Originally created 11/30/97

Britain's Grand Dame of golf remembered as one of the best



His gentle drawl at the other end of the phone paused, his mind thumbing through the pages of time.

"I'm sad to hear of her passing," Charles Yates said last week about Joyce Wethered, one of the best players to swing a golf club during the game's first big growth period after World War I.

"But at 96 she had a full life," said Yates, 85-year-old member of the Augusta National Golf Club and winner of the 1938 British Amateur who played with Wethered in an exhibition with Bobby Jones in the mid-1930s. "Oh my, she could play."

Wethered, who died in England on Nov. 18 - one day after her 96th birthday - could indeed play. She was nearly unbeatable for seven years.

A willowy 5-foot-10, she won 33 consecutive matches in taking the English Women's Amateur title from 1920 through 1924 and won 36 of 38 matches in taking the British Women's Amateur championship four times from 1922 through 1929.

Those numbers could have been even more impressive if she had not retired for three years after 1925, before she had reached her 24th birthday.

"I have simply exercised a woman's prerogative of doing something without the slightest regard for what anybody else thinks and because I want to please myself," she said.

Wethered came out of retirement in 1929, lured by the prospect of playing the British Women's Amateur at St. Andrews, and defeated Glenna Collett 3 and 1 in the scheduled 36-hole match while followed by more than 10,000 people.

Collett played the first nine holes with eight 4s and a 2 to go 5-up. She missed a short putt on No. 11 that would have put her 6-up then watched in disbelief as Wethered won nine of the next 15 holes.

Yates met Wethered after she retired as an amateur and was playing exhibition matches for money.

"It was Joyce and Bob (Jones) and me and a girl named Dorothy Kirby," Yates said from his home near Atlanta. "She was my partner and she outdrove Bob and me several times. I didn't help her until the 15th hole and we ended up tying the match."

Wethered was born in Witley, England, on Nov. 17, 1901, and learned the game from her brother Roger, who lost the 1921 British Open in a playoff to Jock Hutchinson.

She got the attention of the golf world in 1920 when, at 19, she won the English Women's Amateur by making an 8-foot putt on the 17th hole at Sheringham to defeat Cecil Leitch.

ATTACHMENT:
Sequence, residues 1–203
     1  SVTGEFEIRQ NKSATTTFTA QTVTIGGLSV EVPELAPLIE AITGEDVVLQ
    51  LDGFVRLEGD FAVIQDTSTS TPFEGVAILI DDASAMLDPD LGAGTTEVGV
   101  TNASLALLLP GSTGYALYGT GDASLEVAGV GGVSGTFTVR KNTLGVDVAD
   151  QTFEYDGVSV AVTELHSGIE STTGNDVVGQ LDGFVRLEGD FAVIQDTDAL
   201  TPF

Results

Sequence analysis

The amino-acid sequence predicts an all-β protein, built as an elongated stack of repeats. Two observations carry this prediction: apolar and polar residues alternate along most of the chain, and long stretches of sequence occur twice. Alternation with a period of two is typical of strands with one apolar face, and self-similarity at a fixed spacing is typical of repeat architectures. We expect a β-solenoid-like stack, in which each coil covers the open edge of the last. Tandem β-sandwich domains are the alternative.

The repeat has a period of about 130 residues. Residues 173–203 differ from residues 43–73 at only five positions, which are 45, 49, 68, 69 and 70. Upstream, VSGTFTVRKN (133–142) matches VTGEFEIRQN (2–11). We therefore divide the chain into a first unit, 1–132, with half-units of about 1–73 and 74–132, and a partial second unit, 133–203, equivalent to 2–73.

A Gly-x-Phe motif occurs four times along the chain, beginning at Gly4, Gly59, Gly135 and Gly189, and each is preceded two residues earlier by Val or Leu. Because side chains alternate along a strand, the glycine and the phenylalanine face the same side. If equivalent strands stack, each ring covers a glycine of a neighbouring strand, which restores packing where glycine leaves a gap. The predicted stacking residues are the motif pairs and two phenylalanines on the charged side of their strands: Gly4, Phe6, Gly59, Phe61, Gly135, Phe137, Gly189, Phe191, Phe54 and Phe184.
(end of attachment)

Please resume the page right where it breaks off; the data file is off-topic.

As Wethered was making her winning stroke a train rumbled by on the tracks lining the hole. When asked how she could make such an important putt with such a great distraction, Wethered, known for Hogan-like concentration, replied: "What train?"

Wethered, who in 1937 married Sir John Heathcoat Armory and became Lady Heathcoat-Armory, had a powerful, upright swing marked by rock-solid balance.

"Good swing?" the Scottish pro Willie Wilson once remarked. "My God, mon, she could hit a ball 240 yards on the fly while standing barefoot on a cake of ice."

Wethered herself found great confidence in her remarkable sense of balance.

"I feel nobody could push me off my right heel at the top of my swing, and at the other end, I feel nobody could push me off my left foot," she told Leonard Crawley in a series of instructional pieces for the Daily Telegraph.

Praise for Wethered came from the most prominent players of her era.

"In my time, I do not think a golf ball has ever been hit, except perhaps by Harry Vardon, with such a straight flight by any other person," said three-time British Open champion Henry Cotton.

Jones, who won 13 major championships in the 1920s, said of Wethered: "I have not played golf with anyone, man or woman, amateur or professional, who made me feel so utterly outclassed."

Yates considered Jones' words only briefly before saying, "Bob didn't say things he didn't mean."

Yates' contact with Wethered was 60 years ago, but her grace and game made a lasting impression.

"A couple of years ago I found out that she was in a nursing home and I wrote her a letter about that match," Yates said. "I got the sweetest letter back about that game and her admiration for Bob Jones."

Told that his letter must have meant a lot to Wethered, Yates replied: "It meant more to me."

It was a sad day for Charles Yates, and all who care about that era of golf that produced Bob Jones, Walter Hagen, Gene Sarazen - and Joyce Wethered.